Bill Keller, the executive editor of the New York Times, thinks modern communication technologies make you stupid, destroy your relationships and even your soul. He is wrong.
The crux of Keller's argument lies in a single paragraph:
Basically, we are outsourcing our brains to the cloud. The upside is that this frees a lot of gray matter for important pursuits like FarmVille and "Real Housewives." But my inner worrywart wonders whether the new technologies overtaking us may be eroding characteristics that are essentially human: our ability to reflect, our pursuit of meaning, genuine empathy, a sense of community connected by something deeper than snark or political affinity.
Keller makes the same mistake in dismissing Twitter and Facebook and, well, modernity, that critics ten to twelve years ago made in dismissing blogging: he confuses medium with message. Twitter, and any technology, is what you make of it. If you choose to do superficial things there, you will have superficial experiences. If you use it to communicate with others on a deeper level, you can have more meaningful experiences that make you smarter, build lasting relationships, and generally enhance your life.
Instead he focuses on the short form, and its rapid fire nature. He bemoans what it does to memory and genuine interaction. His criticism echoes what previous generations said about television, about newspapers about pamphlets and even about the written word itself. In fact, it's strikingly similar to the argument Socrates leveled against writing (which presumably Keller is in favor of):
[F]or [the use of letters] will create forgetfulness in the learners' souls, because they will not use their memories; they will trust to the external written characters and not remember of themselves. The specific which you have discovered is an aid not to memory, but to reminiscence, and you give your disciples not truth, but only the semblance of truth; they will be hearers of many things and will have learned nothing; they will appear to be omniscient and will generally know nothing; they will be tiresome company, having the show of wisdom without the reality.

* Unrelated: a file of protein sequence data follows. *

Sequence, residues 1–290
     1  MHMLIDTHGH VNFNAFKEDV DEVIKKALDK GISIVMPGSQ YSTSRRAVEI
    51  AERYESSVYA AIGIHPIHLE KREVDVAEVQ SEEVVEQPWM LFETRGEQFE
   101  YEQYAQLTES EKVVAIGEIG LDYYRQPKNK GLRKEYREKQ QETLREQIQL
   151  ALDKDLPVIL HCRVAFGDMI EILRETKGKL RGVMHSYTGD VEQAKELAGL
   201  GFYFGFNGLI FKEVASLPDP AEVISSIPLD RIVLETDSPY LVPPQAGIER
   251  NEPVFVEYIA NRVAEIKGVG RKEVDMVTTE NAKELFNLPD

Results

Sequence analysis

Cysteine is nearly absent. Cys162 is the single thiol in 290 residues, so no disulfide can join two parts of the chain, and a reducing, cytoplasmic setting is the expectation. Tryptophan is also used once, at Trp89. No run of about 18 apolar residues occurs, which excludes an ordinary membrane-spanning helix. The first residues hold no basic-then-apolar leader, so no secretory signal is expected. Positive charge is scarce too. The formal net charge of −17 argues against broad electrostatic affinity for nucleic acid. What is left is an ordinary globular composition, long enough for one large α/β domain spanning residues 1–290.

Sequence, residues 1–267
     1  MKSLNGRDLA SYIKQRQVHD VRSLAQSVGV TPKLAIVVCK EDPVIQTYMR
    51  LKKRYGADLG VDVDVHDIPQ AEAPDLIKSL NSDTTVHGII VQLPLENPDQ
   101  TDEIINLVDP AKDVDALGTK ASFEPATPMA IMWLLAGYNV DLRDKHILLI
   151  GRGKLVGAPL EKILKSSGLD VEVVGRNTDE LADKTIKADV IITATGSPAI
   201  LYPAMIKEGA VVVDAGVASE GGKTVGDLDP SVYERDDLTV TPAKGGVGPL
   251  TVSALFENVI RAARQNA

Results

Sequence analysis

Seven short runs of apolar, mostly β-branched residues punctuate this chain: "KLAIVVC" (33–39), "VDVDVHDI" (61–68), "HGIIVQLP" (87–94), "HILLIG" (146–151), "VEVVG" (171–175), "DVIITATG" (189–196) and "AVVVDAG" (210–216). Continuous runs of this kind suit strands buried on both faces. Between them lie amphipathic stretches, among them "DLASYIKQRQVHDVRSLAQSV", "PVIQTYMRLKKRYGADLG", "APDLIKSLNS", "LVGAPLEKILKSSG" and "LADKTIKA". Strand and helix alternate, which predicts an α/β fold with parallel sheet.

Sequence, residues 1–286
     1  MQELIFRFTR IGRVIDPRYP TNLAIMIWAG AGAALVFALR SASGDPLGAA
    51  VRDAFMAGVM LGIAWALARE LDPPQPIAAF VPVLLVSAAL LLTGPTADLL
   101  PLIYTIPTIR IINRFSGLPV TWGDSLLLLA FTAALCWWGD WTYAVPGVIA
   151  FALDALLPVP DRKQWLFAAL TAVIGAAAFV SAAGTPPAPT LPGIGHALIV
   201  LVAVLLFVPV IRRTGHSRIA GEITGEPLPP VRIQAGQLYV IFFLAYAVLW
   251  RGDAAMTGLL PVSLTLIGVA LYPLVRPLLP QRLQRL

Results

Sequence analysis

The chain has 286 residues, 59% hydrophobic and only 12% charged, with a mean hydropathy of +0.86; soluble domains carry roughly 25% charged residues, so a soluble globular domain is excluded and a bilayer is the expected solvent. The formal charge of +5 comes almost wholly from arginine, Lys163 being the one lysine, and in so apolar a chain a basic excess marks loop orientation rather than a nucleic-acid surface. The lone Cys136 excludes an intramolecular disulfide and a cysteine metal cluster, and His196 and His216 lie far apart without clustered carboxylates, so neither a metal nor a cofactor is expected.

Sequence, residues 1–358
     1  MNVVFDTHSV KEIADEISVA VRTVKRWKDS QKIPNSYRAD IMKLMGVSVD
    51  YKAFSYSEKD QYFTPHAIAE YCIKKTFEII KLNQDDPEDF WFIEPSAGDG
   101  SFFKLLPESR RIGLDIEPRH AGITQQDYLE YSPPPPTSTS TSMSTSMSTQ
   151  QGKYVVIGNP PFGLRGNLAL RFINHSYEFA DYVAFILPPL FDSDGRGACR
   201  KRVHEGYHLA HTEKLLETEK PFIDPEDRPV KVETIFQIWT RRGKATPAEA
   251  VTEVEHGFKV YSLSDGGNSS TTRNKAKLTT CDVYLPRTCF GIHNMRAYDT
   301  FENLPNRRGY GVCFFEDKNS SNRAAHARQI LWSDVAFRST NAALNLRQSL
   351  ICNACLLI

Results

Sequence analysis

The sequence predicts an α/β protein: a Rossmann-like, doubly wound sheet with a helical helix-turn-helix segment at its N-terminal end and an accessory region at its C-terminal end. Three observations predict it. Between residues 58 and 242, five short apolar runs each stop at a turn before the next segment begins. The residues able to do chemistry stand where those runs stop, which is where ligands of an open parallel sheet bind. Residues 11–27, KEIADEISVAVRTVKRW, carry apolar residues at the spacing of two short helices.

Yes! You are right, Bill Keller. Technology will change the way we think and interact. Our brains will process information differently and we will interact with each other differently thanks to the tools we use, be they databases, communications mediums, or language itself. But Keller seems to mistake the changing nature of the way our brains work to process information and communicate with us having lost something as a society. That's just not true.
If we lose the art of penmanship, but gain a greater ability to clearly communicate what is ultimately lost? If we become unable to recognize simple patterns in data with our eyes because we have built machines that can see complex ones our brains could not process in many lifetimes, are we truly intellectually bereft for it?
Bill Keller seems to think so. He cites the loss of our collective ability to memorize vast quantities of information as proof of a greater cognitive loss.
"Until the 15th century, people were taught to remember vast quantities of information. Feats of memory that would today qualify you as a freak - the ability to recite entire books - were not unheard of.
Then along came the Mark Zuckerberg of his day, Johannes Gutenberg. As we became accustomed to relying on the printed page, the work of remembering gradually fell into disuse. The capacity to remember prodigiously still exists (as Foer proved by training himself to become a national memory champion), but for most of us it stays parked in the garage.
Sometimes the bargain is worthwhile; I would certainly not give up the pleasures of my library for the ability to recite "Middlemarch." But Foer's book reminds us that the cognitive advance of our species is not inexorable."